My grandfather was born before the aeroplane was invented. My father died never having seen an iPad.

He was born into a world which had not yet discovered penicillin. Most families in our street when I was 10 years old did not have a car, a television or a fridge. I was in my 30s when I first lived in a house with central heating.

Along with change comes an uneasy sense that the whole thing could fall apart.

And that might be right.

Just as a virus can jump out of a Chinese chicken and hitchhike around the world in a week, there may be some perfectly simple glitch in our technology that will obliterate us.

Some boffin with a test tube will say "Ooops" and that will be the end of the lot of us.

Except that there is another possibility, that we will survive.

I used to read a lot of science fiction. I watched every episode of Doctor Who from Christopher Ecclestone until, with Jodie Whittaker, they changed it into a children's programme.

And the whole drift of our efforts to imagine our future depicts it as either not there - we all die before then - or insufferably bleak.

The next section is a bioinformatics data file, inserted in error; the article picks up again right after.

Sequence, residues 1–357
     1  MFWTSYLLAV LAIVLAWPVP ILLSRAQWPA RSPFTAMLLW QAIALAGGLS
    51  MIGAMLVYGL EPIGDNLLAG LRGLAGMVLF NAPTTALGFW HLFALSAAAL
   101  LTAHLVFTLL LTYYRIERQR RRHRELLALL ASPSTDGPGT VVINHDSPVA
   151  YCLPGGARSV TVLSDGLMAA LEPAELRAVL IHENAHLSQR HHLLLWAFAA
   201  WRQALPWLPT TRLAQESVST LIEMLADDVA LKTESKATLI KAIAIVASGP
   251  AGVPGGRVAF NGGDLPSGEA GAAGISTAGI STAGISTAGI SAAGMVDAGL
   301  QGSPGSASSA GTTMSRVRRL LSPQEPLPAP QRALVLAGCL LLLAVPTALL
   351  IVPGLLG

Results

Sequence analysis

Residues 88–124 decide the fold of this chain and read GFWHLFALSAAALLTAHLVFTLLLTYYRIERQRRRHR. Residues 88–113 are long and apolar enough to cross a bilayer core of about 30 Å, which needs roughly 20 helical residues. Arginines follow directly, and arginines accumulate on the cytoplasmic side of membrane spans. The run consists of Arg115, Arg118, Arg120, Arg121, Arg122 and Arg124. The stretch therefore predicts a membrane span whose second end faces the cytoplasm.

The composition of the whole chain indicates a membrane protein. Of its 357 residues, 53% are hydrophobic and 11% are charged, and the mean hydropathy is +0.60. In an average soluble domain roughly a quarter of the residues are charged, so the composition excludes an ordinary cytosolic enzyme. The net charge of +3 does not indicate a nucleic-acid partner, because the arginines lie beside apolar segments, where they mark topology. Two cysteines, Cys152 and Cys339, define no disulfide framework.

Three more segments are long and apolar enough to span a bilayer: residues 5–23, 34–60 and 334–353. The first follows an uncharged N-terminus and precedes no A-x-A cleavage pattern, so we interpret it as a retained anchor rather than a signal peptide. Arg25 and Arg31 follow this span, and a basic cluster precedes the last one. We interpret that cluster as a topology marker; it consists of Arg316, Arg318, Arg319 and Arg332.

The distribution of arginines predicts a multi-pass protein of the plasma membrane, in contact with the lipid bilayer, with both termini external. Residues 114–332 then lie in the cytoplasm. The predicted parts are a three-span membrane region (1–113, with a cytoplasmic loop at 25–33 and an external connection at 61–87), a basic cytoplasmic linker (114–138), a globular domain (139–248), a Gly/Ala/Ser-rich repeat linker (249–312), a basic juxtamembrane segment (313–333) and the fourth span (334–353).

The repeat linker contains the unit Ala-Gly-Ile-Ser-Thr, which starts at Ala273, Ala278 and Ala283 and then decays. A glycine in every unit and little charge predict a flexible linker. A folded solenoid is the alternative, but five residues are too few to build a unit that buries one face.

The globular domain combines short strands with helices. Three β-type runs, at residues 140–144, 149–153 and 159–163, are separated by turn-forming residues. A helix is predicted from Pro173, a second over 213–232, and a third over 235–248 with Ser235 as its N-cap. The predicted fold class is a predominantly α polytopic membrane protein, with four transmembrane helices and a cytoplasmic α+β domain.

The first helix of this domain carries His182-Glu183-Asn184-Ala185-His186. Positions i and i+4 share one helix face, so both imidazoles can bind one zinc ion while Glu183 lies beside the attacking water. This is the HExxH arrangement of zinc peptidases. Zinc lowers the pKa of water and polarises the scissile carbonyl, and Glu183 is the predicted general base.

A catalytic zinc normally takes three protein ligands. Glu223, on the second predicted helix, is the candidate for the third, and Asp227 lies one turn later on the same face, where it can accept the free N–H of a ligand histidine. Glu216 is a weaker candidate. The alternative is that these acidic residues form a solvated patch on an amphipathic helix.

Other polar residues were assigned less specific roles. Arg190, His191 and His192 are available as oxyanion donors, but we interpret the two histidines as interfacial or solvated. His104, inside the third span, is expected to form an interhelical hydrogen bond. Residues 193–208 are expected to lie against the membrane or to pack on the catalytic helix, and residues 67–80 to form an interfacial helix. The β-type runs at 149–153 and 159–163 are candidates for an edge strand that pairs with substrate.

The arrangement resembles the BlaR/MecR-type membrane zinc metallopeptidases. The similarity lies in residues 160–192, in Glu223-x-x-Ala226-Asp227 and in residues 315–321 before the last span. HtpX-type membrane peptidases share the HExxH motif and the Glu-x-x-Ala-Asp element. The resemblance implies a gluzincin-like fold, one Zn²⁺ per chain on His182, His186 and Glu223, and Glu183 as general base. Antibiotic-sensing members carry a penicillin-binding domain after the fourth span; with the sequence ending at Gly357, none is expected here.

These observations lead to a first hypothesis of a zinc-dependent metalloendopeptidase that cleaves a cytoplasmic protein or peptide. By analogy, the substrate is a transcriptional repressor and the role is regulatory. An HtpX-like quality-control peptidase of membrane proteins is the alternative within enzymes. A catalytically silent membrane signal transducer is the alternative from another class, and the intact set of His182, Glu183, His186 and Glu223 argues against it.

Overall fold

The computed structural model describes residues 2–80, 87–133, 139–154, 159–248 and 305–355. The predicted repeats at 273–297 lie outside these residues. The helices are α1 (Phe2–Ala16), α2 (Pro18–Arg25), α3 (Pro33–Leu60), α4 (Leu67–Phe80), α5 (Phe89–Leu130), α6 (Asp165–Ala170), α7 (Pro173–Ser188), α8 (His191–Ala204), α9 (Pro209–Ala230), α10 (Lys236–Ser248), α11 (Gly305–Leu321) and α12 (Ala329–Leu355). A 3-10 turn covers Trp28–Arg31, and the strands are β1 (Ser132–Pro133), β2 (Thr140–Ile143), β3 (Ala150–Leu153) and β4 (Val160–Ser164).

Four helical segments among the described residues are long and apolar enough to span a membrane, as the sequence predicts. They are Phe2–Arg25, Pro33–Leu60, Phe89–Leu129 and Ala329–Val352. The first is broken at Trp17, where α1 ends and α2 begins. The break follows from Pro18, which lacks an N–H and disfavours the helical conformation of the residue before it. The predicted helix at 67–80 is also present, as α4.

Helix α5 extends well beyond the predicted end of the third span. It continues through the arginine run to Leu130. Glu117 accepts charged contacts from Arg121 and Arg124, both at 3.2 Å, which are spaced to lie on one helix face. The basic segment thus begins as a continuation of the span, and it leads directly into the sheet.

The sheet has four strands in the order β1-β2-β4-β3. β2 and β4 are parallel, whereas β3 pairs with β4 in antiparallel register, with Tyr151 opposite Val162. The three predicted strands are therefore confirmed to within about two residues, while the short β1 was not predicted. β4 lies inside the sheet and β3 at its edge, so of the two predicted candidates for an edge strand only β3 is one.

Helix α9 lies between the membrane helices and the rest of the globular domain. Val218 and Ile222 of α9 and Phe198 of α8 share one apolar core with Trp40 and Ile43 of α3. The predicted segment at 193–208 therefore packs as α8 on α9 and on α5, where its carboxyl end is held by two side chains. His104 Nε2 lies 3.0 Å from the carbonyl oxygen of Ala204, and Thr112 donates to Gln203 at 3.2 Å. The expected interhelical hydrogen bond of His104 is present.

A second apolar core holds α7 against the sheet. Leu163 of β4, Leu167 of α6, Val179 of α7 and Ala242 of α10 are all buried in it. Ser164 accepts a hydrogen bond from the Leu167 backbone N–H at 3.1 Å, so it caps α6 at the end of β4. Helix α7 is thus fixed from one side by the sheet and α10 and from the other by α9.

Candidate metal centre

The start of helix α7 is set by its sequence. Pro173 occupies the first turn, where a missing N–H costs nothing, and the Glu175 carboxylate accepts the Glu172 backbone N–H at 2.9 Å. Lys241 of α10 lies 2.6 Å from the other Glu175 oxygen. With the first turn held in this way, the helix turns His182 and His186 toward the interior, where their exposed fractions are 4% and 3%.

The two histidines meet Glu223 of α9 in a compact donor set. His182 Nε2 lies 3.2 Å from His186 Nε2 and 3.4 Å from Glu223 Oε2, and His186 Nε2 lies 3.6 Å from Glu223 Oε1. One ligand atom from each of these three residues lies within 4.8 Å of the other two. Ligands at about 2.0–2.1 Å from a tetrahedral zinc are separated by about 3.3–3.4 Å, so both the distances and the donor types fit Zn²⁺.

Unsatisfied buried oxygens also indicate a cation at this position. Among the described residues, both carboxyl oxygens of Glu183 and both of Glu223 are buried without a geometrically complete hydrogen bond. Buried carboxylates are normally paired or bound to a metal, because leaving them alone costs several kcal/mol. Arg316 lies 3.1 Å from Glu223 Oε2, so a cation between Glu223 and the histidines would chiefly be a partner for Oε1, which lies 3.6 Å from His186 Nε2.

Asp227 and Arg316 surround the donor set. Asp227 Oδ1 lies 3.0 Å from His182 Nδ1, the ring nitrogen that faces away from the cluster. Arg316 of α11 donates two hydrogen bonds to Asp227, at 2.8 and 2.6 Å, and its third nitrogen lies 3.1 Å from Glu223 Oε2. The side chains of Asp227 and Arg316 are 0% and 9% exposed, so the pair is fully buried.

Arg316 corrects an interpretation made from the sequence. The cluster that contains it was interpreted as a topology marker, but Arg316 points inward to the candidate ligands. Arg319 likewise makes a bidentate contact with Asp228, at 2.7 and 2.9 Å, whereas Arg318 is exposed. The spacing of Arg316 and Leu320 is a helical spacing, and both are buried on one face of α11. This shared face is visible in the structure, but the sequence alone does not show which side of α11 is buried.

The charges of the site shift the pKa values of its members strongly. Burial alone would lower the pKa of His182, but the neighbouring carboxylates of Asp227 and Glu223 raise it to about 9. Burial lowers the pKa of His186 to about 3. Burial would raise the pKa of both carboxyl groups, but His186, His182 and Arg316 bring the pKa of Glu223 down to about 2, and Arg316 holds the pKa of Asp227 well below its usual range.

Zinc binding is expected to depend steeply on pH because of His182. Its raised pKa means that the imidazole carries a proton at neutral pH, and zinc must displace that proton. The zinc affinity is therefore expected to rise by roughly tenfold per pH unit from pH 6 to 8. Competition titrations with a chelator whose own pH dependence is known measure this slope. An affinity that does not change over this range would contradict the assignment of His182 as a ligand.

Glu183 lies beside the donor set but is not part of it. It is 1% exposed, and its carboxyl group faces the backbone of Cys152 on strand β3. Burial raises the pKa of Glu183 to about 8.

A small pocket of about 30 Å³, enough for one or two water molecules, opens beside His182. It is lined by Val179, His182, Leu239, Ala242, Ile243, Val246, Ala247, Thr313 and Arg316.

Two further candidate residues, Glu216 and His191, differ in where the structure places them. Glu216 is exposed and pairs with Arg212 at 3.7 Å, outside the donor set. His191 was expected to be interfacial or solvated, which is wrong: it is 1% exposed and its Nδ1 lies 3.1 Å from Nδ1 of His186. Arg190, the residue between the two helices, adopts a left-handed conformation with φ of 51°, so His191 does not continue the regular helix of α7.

These stories are the dreams of the human race. If we lay down on a sofa and told them to Dr Freud he would say that we are depressed, that we are living without hope, that we expect to be blasted out of orbit by an asteroid or taken off line by our own robots.

He would ask us why we don't believe in ourselves, don't believe in technological innovation making us healthy and happy. All the evidence is that it can do that. That it already has given us a healthier and more comfortable world than most of us were born into.

And what would we tell him? We'd tell him that the dangers are real.

They always have been. My mother in her 20s nursed soldiers in a war in which 55 million people died.

The coronavirus is scary but so were diphtheria, polio, smallpox and tuberculosis, all of which we defeated as recently as a generation ago.

So perhaps in the midst of the doom-mongering and the realistic urgency to face climate change and artificial intelligence, asteroids and Vladimir Putin we should pause occasionally to remind ourselves that the human race has been doing rather well.

Perhaps we need a humanistic vision that replaces the dread at the heart of most religion with a vision of a happy human future, here on Earth.